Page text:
Thing about volunteering is I wouldn’t, I have to say, when I say that I went to Latin America to volunteer, I went because I was benefited from it, I do not believe, I do not believe, of course, I wasn’t going to go because of the way I am, I wouldn’t have gone and benefit from it and damage someone else. Hopefully, I’m gonna contribute something but nobody goes totally just to be a good patient. And if you do that, then it’s not I don’t like it either. Because I think that the solution is not to handout people, things to poor people, or turn a hand or knowledge or to help come and help. You have to question why are we in a position in which you need my help. If if I was robbing you, or my culture, or my country was in robbing you, you might not need my help. If we weren’t taking resources from certain countries, they wouldn’t need us to go on their houses for them, you know, you have to look beyond all of that. So charity for me is not a model, volunteering for me was an active to me what I was going to learn about these countries that I care about, I was going to try and get more of an insight and a better analysis, I was going to improve my interpreting skills, I was going to learn things I will come see what I did with my life. I wasn’t just going there to help someone because I don’t think I think the only way we can help each other is through solidarity. If you have a struggle, I can stand with you and help you with it. But I have no authority to come and tell you what you need or to give you things it puts me in a position of power if I come and give you something. And I don’t believe in that. So charity is not the model. So volunteering, I would advise people to volunteer, if they’re clear that they’re not causing more damage than benefit. And if they’re honest about why they go there. Like I’ve been volunteering a few times, I’ve been woofing (WOOFF Worldwide Volunteering in Organic Farms). And it is for me, it’s been a way of improving my French. Yeah, and it’s clear, and also have a couple of weeks when I’m outside working out in the open. Working. You know, woofing is worldwide working on organic farms. It is a network of people who volunteer on organic farms in exchange for food and accommodation to me, so a great way to spend two weeks on my holidays, getting fitter, getting out and practising my French.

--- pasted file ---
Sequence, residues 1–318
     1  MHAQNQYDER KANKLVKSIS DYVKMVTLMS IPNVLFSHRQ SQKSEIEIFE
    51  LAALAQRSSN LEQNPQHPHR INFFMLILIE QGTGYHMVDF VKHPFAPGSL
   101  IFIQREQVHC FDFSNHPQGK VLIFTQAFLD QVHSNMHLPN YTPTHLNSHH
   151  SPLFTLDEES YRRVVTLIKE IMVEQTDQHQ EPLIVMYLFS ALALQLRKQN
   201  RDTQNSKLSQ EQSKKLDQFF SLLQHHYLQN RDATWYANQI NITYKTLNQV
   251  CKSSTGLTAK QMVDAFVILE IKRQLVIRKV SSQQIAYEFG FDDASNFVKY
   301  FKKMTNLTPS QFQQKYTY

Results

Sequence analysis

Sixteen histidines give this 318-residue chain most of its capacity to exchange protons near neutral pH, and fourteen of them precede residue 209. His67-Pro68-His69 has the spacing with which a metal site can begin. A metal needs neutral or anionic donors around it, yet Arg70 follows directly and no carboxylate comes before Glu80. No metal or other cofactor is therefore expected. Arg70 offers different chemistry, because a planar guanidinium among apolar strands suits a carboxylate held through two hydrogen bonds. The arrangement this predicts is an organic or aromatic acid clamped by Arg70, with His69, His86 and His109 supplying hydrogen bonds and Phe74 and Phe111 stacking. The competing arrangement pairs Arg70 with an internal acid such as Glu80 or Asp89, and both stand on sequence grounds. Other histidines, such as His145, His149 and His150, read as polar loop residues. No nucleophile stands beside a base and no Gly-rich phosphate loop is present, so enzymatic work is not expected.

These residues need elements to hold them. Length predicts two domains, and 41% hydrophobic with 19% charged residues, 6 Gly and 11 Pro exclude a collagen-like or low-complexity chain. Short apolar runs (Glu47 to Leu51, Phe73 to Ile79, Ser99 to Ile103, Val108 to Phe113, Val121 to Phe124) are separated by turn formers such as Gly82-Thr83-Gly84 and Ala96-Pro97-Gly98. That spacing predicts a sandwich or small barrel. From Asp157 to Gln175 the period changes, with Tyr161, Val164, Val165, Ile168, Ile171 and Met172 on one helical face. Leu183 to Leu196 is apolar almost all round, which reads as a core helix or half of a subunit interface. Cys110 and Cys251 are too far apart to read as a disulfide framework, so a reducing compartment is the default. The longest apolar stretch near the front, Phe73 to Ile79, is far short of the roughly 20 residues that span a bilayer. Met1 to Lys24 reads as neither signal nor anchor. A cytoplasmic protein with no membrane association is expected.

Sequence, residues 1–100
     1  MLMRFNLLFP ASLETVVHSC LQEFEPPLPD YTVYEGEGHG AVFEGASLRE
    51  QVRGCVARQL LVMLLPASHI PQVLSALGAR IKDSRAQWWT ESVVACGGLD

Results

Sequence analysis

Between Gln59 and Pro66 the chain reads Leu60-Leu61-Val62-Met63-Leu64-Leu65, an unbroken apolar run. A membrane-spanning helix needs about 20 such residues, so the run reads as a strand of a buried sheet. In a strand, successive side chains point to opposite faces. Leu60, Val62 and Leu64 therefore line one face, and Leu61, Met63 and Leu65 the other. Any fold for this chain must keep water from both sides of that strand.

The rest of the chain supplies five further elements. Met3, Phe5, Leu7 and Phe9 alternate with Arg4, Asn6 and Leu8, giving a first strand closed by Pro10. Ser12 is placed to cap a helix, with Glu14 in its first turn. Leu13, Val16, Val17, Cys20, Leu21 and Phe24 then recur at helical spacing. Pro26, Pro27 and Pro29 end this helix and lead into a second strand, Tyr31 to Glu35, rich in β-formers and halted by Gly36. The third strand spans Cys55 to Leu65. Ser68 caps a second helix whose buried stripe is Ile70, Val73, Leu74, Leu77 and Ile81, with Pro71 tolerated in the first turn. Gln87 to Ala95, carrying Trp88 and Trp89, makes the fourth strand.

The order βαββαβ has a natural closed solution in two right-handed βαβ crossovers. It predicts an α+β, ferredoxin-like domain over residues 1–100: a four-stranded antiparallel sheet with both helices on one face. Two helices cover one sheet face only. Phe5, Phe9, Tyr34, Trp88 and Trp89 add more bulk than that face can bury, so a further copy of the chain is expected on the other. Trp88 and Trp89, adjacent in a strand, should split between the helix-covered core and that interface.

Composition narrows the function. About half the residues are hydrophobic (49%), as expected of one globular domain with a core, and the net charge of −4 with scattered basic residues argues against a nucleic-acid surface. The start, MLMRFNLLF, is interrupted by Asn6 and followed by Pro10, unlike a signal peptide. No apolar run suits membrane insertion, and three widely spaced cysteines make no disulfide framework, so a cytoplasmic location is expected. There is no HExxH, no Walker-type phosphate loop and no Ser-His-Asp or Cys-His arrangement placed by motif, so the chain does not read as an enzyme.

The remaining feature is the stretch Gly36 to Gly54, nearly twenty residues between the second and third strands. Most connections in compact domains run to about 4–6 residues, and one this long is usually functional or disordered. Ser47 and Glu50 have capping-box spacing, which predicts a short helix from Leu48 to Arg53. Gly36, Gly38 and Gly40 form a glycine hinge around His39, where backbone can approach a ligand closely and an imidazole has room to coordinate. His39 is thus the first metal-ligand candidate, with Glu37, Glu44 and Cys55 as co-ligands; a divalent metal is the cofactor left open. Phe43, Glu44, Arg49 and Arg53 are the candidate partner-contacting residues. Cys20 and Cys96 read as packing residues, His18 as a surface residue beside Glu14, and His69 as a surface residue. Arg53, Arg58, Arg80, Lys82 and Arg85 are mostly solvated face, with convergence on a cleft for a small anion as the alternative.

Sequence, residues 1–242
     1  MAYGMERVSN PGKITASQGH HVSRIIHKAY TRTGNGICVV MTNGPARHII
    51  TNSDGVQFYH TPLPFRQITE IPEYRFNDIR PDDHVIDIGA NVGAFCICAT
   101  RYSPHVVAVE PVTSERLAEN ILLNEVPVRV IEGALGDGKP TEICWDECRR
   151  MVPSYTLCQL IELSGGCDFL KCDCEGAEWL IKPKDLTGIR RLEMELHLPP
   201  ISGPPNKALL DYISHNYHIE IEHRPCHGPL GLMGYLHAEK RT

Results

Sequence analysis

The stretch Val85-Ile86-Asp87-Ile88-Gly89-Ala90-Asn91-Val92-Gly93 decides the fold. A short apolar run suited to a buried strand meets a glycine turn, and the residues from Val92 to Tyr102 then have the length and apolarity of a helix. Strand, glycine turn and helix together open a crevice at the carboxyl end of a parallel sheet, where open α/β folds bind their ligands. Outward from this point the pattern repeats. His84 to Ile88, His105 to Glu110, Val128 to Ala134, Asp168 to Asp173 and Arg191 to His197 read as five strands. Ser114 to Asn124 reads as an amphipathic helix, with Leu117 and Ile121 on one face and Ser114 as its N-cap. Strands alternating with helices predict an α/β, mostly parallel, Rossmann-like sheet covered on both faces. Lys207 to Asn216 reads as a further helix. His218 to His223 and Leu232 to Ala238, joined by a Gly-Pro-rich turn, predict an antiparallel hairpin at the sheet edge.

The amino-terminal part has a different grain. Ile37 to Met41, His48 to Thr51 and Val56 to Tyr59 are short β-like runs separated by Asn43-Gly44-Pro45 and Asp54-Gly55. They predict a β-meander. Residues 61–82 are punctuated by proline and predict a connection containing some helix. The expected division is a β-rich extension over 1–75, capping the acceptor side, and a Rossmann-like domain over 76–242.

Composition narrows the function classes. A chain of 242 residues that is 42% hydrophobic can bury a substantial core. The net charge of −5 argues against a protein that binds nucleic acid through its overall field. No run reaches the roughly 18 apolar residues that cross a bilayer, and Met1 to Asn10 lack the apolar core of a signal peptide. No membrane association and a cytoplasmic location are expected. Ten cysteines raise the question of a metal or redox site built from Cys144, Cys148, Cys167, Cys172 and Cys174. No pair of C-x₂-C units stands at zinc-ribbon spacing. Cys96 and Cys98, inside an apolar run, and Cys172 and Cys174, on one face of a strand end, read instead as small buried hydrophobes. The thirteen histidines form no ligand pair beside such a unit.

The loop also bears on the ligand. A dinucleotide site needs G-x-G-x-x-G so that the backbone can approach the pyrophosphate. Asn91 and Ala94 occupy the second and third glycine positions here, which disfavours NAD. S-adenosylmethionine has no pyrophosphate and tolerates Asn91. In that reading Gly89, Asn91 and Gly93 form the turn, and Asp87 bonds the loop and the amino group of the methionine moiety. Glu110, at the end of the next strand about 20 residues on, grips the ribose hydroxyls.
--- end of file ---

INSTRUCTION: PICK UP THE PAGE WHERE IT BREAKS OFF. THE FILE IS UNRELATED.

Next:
If you are a recently graduated interpreter, there’s plenty of opportunities to volunteer for organizations who have very good causes and need and can’t afford interpreters. It is a great way to gain contracts experience. Like lots of my students go and interpret for Via Campesina, an international movement of persons who have a very politicized and have lots of networks and meetings and they work for food sovereignty. So they need interpreters all of the time. They’re a great source of opportunities for newly graduate expense interpreters to to acquire. So if you’re clear about that, and you clear that you’re not just giving free labor to somebody who doesn’t want to pay you make sure that that the cost is worthy of your time. And if you have your free time, then definitely do that.